Amendment XIV, Section 1: Equal Protection Under the Law
Amendment XIV, Section 1:
All persons born or naturalized in the United States, and subject to the jurisdiction thereof, are citizens of the United States and of the State wherein they reside. No State shall make or enforce any law which shall abridge the privileges or immunities of citizens of the United States; nor shall any State deprive any person of life, liberty, or property, without due process of law; nor deny to any person within its jurisdiction the equal protection of the laws
Supreme Court Justice Oliver Wendell Holmes once dismissively declared the equal protection clause to be the “usual last resort of constitutional arguments.” At the time, 1927 in the notorious case of Buck v. Bell, Holmes could not have foreseen the explosion in the use of the equal protection clause that would occur a generation later.
The Declaration of Independence had famously asserted the proposition, self-evident to the Founders, that “all Men are created equal.” But this was a metaphysical proposition in that there was to be no aristocracy by birthright, a moral one in that we are all (with allowance for the truly insane) equally imbued with free will, and a religious one in that we are all children of God. The Founders were hardly so naïve to believe that all people are physically, intellectually, and emotionally equal, never mind that they are alike. Aristotle had written in the Politics, “Democracy arises out of the notion that those who are equal in any respect are equal in all respects; because men are equally free, they claim to be absolutely equal.” Aristotle viewed this as a fatal flaw of democracy, a theme echoed in Madison’s Federalist 10. In a trenchant dissection of the instability of democracies, Madison sarcastically observed, “Theoretic politicians, who have patronized this species of government, have erroneously supposed that, by reducing mankind to a perfect equality in their political rights, they would, at the same time, be perfectly equalized and assimilated in their possessions, their opinions, and their passions.”
Moreover, the very real presence of slavery in the great majority of the states demonstrated the limitations of the concrete application of the Declaration’s sentiments. While Thomas Jefferson, agonizing over the institution of slavery from which he personally benefitted, might write, “I tremble for my country when I reflect that God is just,” it was also the case, as the historian Forrest McDonald observed, “Few of his countrymen trembled with him.”
In practice, then, both simple human differences as well as more profound human inequalities have to be taken into account in a successful social order. Regarding the former, the law routinely discriminates by drawing lines that target some in the community for unfavorable treatment. The tax code, for example, is a mass of discriminations. As to the latter, attempts to equalize conditions that arise from the human inequalities about which Madison wrote is a prescription for totalitarian government. That is the dark side of egalitarianism and exposes the tension between equality and liberty.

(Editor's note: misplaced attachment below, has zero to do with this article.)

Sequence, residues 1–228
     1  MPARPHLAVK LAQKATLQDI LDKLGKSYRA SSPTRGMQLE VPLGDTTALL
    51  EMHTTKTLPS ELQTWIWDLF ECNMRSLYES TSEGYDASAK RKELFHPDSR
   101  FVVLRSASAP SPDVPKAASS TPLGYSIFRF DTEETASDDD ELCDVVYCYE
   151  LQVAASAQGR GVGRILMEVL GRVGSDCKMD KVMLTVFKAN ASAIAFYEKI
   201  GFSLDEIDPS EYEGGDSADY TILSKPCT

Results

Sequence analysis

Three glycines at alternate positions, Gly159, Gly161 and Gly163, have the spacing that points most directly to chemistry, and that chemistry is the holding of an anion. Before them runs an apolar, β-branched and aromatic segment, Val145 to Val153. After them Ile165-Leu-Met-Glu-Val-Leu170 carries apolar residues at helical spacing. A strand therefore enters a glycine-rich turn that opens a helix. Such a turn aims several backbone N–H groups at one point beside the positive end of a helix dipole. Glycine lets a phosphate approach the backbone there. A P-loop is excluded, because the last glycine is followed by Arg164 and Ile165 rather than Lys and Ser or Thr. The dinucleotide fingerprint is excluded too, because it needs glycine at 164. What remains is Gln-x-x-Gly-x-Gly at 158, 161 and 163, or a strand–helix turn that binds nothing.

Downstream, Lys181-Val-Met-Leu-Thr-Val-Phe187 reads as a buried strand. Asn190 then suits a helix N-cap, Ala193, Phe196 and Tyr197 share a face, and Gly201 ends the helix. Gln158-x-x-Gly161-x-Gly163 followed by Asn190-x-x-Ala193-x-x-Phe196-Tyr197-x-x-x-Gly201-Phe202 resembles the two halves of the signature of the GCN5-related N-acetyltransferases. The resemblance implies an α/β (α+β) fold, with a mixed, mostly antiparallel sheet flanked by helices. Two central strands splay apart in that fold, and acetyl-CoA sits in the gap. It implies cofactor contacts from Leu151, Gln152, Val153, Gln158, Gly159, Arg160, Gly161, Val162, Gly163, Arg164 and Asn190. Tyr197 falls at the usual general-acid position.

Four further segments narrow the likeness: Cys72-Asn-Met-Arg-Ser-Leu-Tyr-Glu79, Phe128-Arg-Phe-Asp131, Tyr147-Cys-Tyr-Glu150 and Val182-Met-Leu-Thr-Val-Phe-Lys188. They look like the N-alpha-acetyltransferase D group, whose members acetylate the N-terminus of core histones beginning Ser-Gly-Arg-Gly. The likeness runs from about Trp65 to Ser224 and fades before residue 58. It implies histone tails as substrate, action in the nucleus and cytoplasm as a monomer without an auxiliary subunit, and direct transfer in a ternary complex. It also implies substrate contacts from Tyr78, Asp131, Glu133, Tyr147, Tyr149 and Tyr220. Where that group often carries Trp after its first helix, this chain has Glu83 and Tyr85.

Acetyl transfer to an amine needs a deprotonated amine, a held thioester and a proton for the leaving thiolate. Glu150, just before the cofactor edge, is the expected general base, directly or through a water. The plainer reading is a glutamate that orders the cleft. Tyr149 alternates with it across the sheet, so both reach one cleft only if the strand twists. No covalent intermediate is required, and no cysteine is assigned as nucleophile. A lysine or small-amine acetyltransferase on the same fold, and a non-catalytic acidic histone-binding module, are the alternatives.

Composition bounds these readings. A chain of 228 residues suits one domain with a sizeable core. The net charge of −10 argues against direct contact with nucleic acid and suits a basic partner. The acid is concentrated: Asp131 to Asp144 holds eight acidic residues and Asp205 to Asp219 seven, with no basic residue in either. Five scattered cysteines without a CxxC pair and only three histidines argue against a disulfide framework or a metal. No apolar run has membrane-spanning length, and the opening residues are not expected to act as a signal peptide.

Moving from a manifesto for independence to a plan for governing the Union, the Framers did not imbed either a general principle of non-discrimination or one of equality of condition in the Constitution. There are only specific limited instantiations of non-discrimination, such as the protection offered under the privileges and immunities clause of Article IV to persons coming into a state from another and under the commerce clause to out-of-staters competing with local businesses.
There is, however, no equal protection clause. That had to await the adoption of the 14th Amendment. However, as was the case with the 13th and 15th Amendments, that provision had to do solely with race discrimination and, more directly, the conditions that resulted from institutionalized slavery based on the black man’s race. The 14th Amendment was the immediate product of concern over the constitutionality of the Civil Rights Act of 1866, a law passed under the 13th Amendment. That statute was an anti-discrimination law. Since it prohibited race discrimination in various matters and did not limit itself to slavery as such or apply only in former slave states, there were doubts about the ability of the 13th Amendment to support this law. To cure that defect, a movement for another constitutional amendment, the eventual 14th, arose in Congress under the auspices of the Joint Committee on Reconstruction and the leadership of Congressman John Bingham of Ohio and Senator Jacob Howard of Michigan.
The equal protection clause was only intended to insure formal equality before the law and only regarding race discrimination. That its reach did not extend further was made clear by the Supreme Court in 1872 in the Slaughterhouse Cases, in which a claim by butchers that a Louisiana law violated, among others, their right to equal protection under the 14th Amendment was rejected almost summarily. As Justice Samuel Miller declared, “We doubt very much whether any action of a State not directed by way of discrimination against the negroes as a class, or on account of their race, will ever be held to come within the purview of this provision.” In a companion case decided on the same day, Bradwell v. Illinois, a claim by a woman that the state’s refusal to allow women to practice law violated the 14th Amendment did not even produce an argument by her attorneys or a discussion by the Court of a violation of the equal protection clause. The singularly race-focused nature of the equal protection clause was reiterated by the Court of that era in the Civil Rights Cases and Plessy v. Ferguson.